Category Archives: Chloë’s Excellent Adventures

Chloë Has a Crowning Achievement

I realize I have been laggard in reporting on the second phase of my oral surgery, but the news was good. My personal dentist, Dr. Evan Crocker, did a masterful job when installing a shiny new titanium crown over the chipped tooth that resulted in last month’s root canal procedure. Check it out here in these photos, graciously provided by the Mercer Island Vetinerary Clinic, as I am unlikely to slow down enough to show it to you myself. You have to fold back my upper lip pretty far to get a good view.

My new crown on the top row.

A close-up view. What a shine!

Unfortunately, Dr. Crocker also discovered a little growth on the gum line beneath the crown that he missed the last time, so he cut it out and sent it out for biopsy, just to make sure it’s benign. We await the results, but nobody seems too worried about it. Besides, if I have to go back to Mercer Island before my six-month checkup, I’ll get to see all my new good buddies there, including Justin, the nice guy with shiny blue nail polish that goes well with my shiny new crown.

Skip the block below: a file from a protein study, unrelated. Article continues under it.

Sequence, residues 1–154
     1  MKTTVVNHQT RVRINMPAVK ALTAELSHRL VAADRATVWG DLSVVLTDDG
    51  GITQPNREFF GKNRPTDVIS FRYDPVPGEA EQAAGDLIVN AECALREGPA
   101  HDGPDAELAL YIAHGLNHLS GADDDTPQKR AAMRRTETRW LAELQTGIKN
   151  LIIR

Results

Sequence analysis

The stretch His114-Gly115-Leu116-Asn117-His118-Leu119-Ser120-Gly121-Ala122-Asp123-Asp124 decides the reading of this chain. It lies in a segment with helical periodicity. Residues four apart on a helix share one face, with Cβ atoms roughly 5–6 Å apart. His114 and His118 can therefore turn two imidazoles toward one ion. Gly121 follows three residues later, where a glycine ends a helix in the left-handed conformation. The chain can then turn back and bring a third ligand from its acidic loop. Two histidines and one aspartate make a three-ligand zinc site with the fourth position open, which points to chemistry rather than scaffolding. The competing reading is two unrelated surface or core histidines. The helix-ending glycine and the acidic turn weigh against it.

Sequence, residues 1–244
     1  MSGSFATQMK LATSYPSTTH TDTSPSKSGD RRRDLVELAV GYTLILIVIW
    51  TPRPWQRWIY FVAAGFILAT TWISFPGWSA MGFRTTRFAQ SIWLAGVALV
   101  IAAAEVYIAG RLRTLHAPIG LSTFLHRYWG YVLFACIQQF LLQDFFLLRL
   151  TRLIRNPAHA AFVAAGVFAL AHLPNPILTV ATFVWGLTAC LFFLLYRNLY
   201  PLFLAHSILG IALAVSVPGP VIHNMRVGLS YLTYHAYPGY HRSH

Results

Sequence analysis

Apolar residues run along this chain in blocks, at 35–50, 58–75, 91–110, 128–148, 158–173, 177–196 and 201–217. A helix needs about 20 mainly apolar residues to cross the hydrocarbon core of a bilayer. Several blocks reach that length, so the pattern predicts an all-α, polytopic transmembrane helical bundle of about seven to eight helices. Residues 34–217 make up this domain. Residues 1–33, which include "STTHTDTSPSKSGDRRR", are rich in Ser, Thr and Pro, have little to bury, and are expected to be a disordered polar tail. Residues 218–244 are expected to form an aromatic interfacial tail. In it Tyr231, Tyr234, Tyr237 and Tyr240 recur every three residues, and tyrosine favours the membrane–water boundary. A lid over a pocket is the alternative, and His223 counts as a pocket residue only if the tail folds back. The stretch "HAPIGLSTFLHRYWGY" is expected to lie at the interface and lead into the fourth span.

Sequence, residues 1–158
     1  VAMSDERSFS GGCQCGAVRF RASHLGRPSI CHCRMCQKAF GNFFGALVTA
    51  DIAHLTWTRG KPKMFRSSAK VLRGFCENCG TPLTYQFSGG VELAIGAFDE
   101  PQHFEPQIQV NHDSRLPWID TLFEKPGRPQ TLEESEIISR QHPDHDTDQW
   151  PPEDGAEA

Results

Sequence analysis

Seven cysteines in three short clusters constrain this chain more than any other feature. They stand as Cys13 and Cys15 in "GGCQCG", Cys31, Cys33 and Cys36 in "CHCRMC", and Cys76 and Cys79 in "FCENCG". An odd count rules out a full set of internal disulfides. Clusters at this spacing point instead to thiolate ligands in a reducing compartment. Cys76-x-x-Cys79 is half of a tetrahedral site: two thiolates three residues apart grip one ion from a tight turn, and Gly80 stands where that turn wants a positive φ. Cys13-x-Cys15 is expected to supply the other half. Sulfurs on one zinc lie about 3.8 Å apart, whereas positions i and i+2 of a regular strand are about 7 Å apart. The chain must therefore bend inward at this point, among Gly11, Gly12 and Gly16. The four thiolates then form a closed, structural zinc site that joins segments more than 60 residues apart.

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Chloë Hits Her Target

Figure 1: Chloe Weight Chart May 2018

As we all knew would happen, my food honeymoon is over. After nine glorious weeks of uber-rations, I reached my target weight (18.5 pounds) at my most recent vet visit, when I weighed in at 18.69 pounds. That visit was the one after the last one on the accompanying chart (Figure 1). On that very day, twirling his imaginary handlebar mustache like the mean Simon Legree we know him to be, Mike immediately cut me back to his unilaterally imposed and strictly observed meager limits. Oh, the agony of it all! The only saving grace right now is the extra broth Mike is adding to all my meals, since I have to eat softened kibble until Dr. Crocker installs the cap on my recently root-canaled chipped tooth. (Meaning more sedation and great dreams to come, no doubt!)